14

I am thinking about doing a knitted project with beads. I am wondering if there is a difference in stability between prestringing the beads and placing the beads. I would like for the beads to move as little as possible in the finished object. (If it matters, the finished object is likely to be a shawl.)

For the purposes of this question, please assume that the beads in question are large enough in relation to the yarn that both techniques are possible. My smallest crochet hook is a size 5/1.90mm. Purchasing a smaller one is not a problem.

  • Prestringing = Placing all of the beads onto the yarn and then knitting with it.
  • Placing a bead = Adding the bead when you knit the stitch.
  • 1
    prestringing means putting the bead on the string and stitching it in with the project and placing means looping it in with a stitch? – Sky May 16 '16 at 2:46
  • @Sky - Yes, I'll add clarification to the question. – BSMP May 16 '16 at 18:54
  • 1
    Placing is certainly easier... Interesting to think about... placing would have two strands of yarn running through it... strung would only have one... how disparate are the centers of your beads in relation to the diameter of your yarn? Is it even feasible to get the yarn through if it's doubled? Can you fit a crochet hook through the beads? – Catija May 16 '16 at 19:13
  • @Catija I haven't purchased the beads yet, in part because I wasn't sure which technique to use yet. I can update my question with the assumption that both techniques will be possible with the bead size chosen. I have a 1.90mm crochet hook. – BSMP May 18 '16 at 1:39
6

There are a lot of pros and cons to both methods of placing beads into your knitting, but when looking only at stability there is a difference between prestrung and placed beads. Having used both methods, I find the placed beads stay precisely where you put them whereas the prestrung beads can slip.

When you place a bead you put it on precisely the stitch required. It can't shift anywhere because the two yarns going through it split and go in different directions. When you knit a prestrung bead into your work, it can travel along the yarn. Generally this means if, for example, you place the bead on the vertical leg of a stitch, it could slip up or down to rest on the horizontal bar of the stitch. This sometimes means it slips to the back of the work. The looser the gauge, the more this problem will occur.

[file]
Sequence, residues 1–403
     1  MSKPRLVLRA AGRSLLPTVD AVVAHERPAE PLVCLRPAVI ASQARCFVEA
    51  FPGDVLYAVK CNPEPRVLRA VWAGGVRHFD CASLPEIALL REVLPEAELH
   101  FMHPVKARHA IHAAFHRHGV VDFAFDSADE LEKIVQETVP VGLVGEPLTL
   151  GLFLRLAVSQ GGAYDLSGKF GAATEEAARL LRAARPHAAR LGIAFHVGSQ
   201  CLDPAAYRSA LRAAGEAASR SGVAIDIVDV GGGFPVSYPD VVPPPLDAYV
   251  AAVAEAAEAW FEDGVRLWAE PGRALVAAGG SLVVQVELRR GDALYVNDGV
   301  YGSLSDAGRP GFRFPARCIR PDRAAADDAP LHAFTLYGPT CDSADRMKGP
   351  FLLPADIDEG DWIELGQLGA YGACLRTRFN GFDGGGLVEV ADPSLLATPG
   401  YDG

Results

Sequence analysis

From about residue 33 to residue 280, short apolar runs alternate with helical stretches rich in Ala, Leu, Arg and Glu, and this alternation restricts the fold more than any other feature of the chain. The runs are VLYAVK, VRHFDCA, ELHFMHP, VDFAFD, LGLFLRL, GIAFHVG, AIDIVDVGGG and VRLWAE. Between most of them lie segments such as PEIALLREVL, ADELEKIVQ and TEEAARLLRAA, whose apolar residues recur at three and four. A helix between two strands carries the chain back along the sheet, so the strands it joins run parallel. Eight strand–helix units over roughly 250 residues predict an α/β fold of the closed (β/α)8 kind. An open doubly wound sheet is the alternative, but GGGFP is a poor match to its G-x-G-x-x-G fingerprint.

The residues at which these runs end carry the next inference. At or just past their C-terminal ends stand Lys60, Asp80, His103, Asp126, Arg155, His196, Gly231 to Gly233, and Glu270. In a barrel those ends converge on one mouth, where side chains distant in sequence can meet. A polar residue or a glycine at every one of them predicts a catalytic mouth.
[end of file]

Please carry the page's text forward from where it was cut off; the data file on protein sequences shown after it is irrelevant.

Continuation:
• There are actually two methods for including prestrung beads. One of them is much more stable than the other as the bead is slip stitched in place, which prevents it from slipping to the back. – Catija May 19 '16 at 13:42
  • That's true, I've not used the slip stitch method myself, but it is certainly an option. – beccabadger May 19 '16 at 15:37
3

In my experience in doing both, I largely prefer to place the beads. Pre-strung causes a whole host of issues:

  • Sharp Beads may fray or cut your yarn
  • Beads (especially glass beads) can easily break. You will have to string extras to account for this.
  • The aggravation of having to move potentially hundreds (or more for a more complecated design) of beads down your yarn with each pull from the skein or ball. This can put additional stress on the yarn, causing halos or fuzzing.

For others that may not have a small enough crochet hook, a small piece of wire or dental floss can be used to "hook" the yarn, and pull it through the bead.

  • 1
    I didn't feel like this particularly answered the question regarding stability. – Nick Udell May 19 '16 at 9:18

Your Answer

By clicking “Post Your Answer”, you agree to our terms of service, privacy policy and cookie policy

Not the answer you're looking for? Browse other questions tagged or ask your own question.